Half a century ago, Belgian Zoologist Bernard Heuvelmans first codified cryptozoology in his book On the Track of Unknown Animals.

The Centre for Fortean Zoology (CFZ) are still on the track, and have been since 1992. But as if chasing unknown animals wasn't enough, we are involved in education, conservation, and good old-fashioned natural history! We already have three journals, the largest cryptozoological publishing house in the world, CFZtv, and the largest cryptozoological conference in the English-speaking world, but in January 2009 someone suggested that we started a daily online magazine! The CFZ bloggo is a collaborative effort by a coalition of members, friends, and supporters of the CFZ, and covers all the subjects with which we deal, with a smattering of music, high strangeness and surreal humour to make up the mix.

It is edited by CFZ Director Jon Downes, and subbed by the lovely Lizzy Bitakara'mire (formerly Clancy), scourge of improper syntax. The daily newsblog is edited by Corinna Downes, head administratrix of the CFZ, and the indexing is done by Lee Canty and Kathy Imbriani. There is regular news from the CFZ Mystery Cat study group, and regular fortean bird news from 'The Watcher of the Skies'. Regular bloggers include Dr Karl Shuker, Dale Drinnon, Richard Muirhead and Richard Freeman.The CFZ bloggo is updated daily, and there's nothing quite like it anywhere else. Come and join us...

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Saturday, January 05, 2013


CFZ NEW ZEALAND: How the Takahe made a Lazarus-like comeback

A 'Lazarus species' is one that is presumed to be extinct and then reappears.

One such example is the Takahē, thought to have died out by 1898.

The bird was rediscovered in 1948 by Dr. Geoffrey Orbell, who wrote this article, which was originally published in the December 10, 1948 edition of the Listener, and recently re-published on its website.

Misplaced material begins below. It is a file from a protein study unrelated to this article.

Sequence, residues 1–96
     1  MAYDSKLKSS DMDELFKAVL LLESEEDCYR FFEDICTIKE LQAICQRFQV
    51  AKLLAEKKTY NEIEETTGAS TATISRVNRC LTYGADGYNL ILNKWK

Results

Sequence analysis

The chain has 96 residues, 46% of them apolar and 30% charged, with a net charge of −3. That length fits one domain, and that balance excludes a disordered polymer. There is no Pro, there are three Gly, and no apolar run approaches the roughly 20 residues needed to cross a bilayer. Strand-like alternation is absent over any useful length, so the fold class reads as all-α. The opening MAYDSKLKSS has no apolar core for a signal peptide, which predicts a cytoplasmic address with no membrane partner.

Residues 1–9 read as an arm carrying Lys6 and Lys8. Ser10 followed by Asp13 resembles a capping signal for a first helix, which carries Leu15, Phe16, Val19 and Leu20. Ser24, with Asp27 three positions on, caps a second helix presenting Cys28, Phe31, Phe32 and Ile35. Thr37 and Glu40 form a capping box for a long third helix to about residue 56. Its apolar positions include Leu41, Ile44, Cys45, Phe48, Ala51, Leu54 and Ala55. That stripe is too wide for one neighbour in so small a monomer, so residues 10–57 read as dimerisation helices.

Dr Geoffrey Orbell wrote:

My interest in the notornis (takahÄ“) began some 30 years ago. I was looking through some old photographs belonging to my mother – a keen amateur photographer – when I came upon a print of a bird in a glass case. My mother explained that it was a picture of the notornis specimen in the Otago Museum, that only four of the species had been found and that it was now supposed to be extinct. That word “supposed” stimulated my boyish sense of adventure, and I read all that I could find about the notornis.

Read on...


The hunt for British Big Cats attracts far more newspaper-column inches than any other cryptozoological subject. There are so many of them now that we feel that they should be archived by us in some way, so we should have a go at publishing a regular round-up of the stories as they come in. In September 2012 Emma Osborne decided that the Mystery Cat Study Group really deserved a blog of its own within the CFZ Blog Network.

  • NEWSLINK: Tigers Roar Back: Great News for Big Cat...
  • FEATURELIINK: Big cats from the past
  • ANDREW MAY: Words from the Wild Frontier

    News and stories from the remoter fringes of the CFZ blogosphere...

    From Nick Redfern's World of Whatever:
    From CFZ Australia: